3. Historical research shows that there are vital conditions for success in carrying through revolutionary changes in warfare.

4. Recognition of change in warfare is one thing, but understanding the character, relevance, and implications of change is something else entirely, given the sovereignty of the political and strategic contexts.

5. When we effect a revolutionary change in the way we fight, we must do so adaptably and flexibly. If we fail the adaptability test, we are begging to be caught out by the diversity and complexity of future warfare. If we lock ourselves into a way of war that is highly potent only across a narrow range of strategic and military contexts, and hence operational taskings, we will wound our ability to recognize and understand other varieties of radical change in warfare. Moreover, we will be slow, if able at all in a relevant time span, to respond effectively to them.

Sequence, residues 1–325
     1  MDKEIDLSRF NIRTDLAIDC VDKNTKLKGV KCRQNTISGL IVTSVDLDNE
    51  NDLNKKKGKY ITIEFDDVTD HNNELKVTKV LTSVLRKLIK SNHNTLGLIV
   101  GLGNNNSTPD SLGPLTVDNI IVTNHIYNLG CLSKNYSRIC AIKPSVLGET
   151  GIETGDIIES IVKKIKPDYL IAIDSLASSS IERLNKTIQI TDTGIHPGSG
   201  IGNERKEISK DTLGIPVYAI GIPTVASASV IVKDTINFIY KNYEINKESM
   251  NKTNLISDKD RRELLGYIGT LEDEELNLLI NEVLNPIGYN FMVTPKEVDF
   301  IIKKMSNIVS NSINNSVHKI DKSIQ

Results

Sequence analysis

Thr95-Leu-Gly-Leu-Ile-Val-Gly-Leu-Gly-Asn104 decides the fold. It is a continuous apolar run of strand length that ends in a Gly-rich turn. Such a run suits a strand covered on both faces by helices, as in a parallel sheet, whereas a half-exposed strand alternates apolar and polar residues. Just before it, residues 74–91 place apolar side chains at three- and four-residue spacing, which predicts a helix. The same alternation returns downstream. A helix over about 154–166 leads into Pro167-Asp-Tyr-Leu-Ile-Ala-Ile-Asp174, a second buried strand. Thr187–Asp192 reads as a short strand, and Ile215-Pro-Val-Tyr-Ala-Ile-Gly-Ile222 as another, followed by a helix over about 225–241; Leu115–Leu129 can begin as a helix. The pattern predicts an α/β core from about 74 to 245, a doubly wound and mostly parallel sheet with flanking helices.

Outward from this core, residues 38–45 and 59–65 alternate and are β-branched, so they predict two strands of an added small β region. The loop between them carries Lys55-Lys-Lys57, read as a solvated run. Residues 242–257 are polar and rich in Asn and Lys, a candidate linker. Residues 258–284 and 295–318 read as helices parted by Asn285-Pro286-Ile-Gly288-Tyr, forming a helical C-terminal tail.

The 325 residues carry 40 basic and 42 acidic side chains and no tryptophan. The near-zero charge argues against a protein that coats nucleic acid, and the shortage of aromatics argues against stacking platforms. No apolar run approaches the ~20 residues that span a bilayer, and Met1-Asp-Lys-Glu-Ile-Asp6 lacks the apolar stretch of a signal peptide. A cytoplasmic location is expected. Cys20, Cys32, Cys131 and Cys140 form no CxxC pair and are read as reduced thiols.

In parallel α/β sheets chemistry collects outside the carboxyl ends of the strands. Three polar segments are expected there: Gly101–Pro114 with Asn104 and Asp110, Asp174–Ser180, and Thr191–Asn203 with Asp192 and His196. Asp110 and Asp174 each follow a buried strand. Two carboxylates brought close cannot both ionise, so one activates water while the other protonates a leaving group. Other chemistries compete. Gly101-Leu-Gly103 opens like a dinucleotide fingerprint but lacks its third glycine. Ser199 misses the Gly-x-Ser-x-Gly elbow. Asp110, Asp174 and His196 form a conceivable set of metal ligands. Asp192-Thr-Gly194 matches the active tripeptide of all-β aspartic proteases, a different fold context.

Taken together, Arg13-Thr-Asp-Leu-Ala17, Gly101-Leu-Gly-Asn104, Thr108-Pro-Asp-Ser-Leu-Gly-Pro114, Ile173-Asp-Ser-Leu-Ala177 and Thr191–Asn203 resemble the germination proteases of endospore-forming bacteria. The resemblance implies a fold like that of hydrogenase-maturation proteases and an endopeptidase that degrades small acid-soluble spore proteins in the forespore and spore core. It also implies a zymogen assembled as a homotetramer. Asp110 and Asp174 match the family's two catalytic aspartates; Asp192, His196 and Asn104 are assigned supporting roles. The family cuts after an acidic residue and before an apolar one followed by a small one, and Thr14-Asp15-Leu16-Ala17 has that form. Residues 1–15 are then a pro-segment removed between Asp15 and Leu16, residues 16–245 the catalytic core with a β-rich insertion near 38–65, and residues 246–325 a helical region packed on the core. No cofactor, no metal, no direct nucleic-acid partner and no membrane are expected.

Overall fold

6. Revolutionary change in warfare always triggers a search for antidotes. Eventually the antidotes triumph. They can take any or all of tactical, operational, strategic, or political forms. The solution, in principle if not always in practice, is to carry through an RMA that is adaptable, flexible, and dynamic as recommended in 5. above.

7. Revolutionary change in warfare is only revealed by the “audit of war,” and not necessarily reliably even then. And if it is to be conducted competently, review of that audit must take full account of war’s complex nature.